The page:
So yes, let’s be the church. But let’s be the church at church, at that physical place where we meet fellow sinners saved by grace. No individual church or denomination can last forever, but we should be about preserving what is best from the church and carrying it on to the next generation.

I want to save the church, not just to save it, but because it is the way people know about God and it helps us become better Christians.

PS: Doug Skinner has a great blog post on the St. Francis quote.

Broken for You

John 6:56-69 | Thirteenth Sunday After Pentecost | August 23, 2015

First Christian Church | Mahtomedi, MN | Dennis Sanders, preaching


“Whenever I’ve served communion, I usually say two phrases.  I hand out the bread and tell someone, “The bread of Christ broken for you.”  And then as the person dip the bread in the cup, I saw “The blood of Christ, shed for you.”  Whenever we have communion, we remember that Christ was tortured and brutalized for our sake. We remember that Jesus offered up his own body for the sake of the world. “

Cat’s In the Cradle

Ecclesiastes 2:18–3:8 | Twelfth Sunday After Pentecost | A Time to Be Wise Sermon Series | August 16, 2015 | Dennis Sanders, preaching


“Even though life can seem pointless, we are to find joy in this life.  Joy in our eating and drinking, joy in our work and joy in our downtime.  We are to find God in our life, to seek joy in relationships.  Instead of working to to work like the father in the song, our work gives glory to God, but it is not an idol the separates people from God and each other.”

The Curious Case of the Atheist Pastor

A controversy is brewing in the United Church of Canada over a minister who doesn’t believe in a God or in the Bible.  There are those in the denomination that believe she should be defrocked since she is an atheist.  She is demanding to stay ordained, believing that she is preaching a truer form of the faith, one centered on how we live instead of doctrine which she believes later corrupted the original intent of the faith.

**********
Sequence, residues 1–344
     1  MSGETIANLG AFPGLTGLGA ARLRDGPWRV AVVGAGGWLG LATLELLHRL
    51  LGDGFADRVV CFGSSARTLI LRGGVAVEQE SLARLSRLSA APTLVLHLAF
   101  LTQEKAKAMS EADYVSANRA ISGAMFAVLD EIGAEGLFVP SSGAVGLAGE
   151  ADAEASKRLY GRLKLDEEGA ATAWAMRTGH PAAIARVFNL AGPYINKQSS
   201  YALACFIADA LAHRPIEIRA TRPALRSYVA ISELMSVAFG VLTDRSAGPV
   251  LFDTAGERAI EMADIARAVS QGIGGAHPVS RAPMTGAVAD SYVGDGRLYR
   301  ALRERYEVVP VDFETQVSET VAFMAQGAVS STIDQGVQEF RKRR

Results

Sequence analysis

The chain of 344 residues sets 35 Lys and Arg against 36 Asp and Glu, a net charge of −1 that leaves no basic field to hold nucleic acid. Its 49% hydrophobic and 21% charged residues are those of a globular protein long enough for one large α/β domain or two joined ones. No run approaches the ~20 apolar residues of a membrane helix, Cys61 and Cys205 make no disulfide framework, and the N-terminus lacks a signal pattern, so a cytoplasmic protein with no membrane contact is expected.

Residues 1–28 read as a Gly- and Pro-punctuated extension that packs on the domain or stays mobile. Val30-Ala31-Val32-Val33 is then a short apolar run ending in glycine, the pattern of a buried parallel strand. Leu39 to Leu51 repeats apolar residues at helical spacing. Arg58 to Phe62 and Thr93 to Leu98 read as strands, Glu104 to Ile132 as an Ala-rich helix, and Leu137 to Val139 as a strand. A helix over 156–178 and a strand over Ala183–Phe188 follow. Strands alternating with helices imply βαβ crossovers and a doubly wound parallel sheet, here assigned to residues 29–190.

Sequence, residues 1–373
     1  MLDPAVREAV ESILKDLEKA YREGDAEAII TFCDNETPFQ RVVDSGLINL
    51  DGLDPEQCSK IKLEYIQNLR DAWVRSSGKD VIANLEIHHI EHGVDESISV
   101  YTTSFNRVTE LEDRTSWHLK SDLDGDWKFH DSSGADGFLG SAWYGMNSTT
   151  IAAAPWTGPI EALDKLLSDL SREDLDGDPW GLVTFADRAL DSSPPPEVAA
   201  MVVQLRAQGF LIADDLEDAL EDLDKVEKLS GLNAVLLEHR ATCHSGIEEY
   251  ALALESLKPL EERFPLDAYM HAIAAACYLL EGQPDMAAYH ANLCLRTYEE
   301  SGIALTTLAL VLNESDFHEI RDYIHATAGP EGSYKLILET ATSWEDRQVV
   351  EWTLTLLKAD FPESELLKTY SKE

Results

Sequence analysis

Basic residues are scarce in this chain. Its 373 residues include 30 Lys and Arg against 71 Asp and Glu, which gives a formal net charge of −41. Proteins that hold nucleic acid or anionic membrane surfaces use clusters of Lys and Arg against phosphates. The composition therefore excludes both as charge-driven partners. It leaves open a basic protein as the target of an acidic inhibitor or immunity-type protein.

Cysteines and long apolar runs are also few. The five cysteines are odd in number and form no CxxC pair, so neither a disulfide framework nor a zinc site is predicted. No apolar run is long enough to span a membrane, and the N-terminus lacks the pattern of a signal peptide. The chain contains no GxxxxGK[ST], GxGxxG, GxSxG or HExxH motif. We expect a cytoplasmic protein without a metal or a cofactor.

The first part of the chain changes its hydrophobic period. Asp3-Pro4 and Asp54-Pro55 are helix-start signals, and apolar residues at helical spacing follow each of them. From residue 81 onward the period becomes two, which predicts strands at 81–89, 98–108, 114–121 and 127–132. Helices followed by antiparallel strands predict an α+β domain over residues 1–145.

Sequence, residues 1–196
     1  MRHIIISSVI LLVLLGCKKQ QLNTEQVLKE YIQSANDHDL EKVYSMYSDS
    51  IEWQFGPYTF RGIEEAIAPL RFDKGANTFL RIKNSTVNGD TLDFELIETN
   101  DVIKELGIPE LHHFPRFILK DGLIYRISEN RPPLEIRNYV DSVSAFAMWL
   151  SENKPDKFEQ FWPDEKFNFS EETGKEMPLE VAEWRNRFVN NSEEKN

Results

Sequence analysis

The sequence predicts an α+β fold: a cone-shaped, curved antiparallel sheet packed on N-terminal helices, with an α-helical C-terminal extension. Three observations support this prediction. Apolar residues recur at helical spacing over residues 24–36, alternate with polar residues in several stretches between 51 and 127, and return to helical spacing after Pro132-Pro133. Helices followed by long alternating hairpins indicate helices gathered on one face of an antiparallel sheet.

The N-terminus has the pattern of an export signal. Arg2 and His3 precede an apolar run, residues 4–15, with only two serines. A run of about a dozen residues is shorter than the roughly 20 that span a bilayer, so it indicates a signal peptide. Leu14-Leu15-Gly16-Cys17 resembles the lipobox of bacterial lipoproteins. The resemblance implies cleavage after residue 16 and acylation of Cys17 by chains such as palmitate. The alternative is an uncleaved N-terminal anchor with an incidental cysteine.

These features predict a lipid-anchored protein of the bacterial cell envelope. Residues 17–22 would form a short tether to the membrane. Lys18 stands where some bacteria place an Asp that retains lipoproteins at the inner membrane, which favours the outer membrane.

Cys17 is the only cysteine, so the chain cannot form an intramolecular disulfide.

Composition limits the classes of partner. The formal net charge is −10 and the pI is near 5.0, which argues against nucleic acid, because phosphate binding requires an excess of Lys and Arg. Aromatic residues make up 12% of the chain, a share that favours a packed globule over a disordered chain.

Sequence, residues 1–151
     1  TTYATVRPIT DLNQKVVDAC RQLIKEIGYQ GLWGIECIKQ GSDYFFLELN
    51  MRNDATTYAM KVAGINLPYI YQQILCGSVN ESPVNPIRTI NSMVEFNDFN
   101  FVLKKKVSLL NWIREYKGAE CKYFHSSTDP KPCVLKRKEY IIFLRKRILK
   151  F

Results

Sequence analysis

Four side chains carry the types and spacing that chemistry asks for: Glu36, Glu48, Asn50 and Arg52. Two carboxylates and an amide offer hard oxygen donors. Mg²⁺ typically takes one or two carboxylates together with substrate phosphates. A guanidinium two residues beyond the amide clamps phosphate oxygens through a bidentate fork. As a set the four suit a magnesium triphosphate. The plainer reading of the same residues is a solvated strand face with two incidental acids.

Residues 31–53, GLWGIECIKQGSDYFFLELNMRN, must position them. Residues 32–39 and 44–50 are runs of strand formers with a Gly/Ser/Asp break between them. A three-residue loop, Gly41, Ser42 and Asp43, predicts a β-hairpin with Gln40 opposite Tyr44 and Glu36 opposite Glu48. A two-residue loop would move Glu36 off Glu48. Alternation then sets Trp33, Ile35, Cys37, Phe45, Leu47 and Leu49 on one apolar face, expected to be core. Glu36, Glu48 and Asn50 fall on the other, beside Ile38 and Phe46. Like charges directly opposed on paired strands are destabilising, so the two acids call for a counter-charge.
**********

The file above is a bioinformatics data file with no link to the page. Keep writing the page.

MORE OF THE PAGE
“I don’t believe in…the god called God,” Vosper said. “Using the word gets in the way of sharing what I want to share.”

Vosper, 57, who was ordained in 1993 and joined her east-end church in 1997, said the idea of an interventionist, supernatural being on which so much church doctrine is based belongs to an outdated world view.

What’s important, she says, is that her views hearken to Christianity’s beginnings, before the focus shifted from how one lived to doctrinal belief in God, Jesus and the Bible.

“Is the Bible really the word of God? Was Jesus a person?” she said.

“It’s mythology. We build a faith tradition upon it which shifted to find belief more important than how we lived.”

Vosper made her views clear as far back as a Sunday sermon in 2001 but her congregation stood behind her until a decision to do away with the Lord’s Prayer in 2008 prompted about 100 of the 150 members to leave. The rest backed her.

Things came to a head this year after she wrote an open letter to the church’s spiritual leader pointing out that belief in God can motivate bad things — a reference to the Charlie Hebdo massacre in Paris.

“That didn’t go over well,” Vosper said. “(But) if we are going to continue to use language that suggests we get our moral authority from a supernatural source, any group that says that can trump any humanistic endeavour.”

After I shared this on Facebook, some of my more progressive Christian friends wondered what the fuss was all about. After all, she was getting away from doctrine which can be soul-crushing.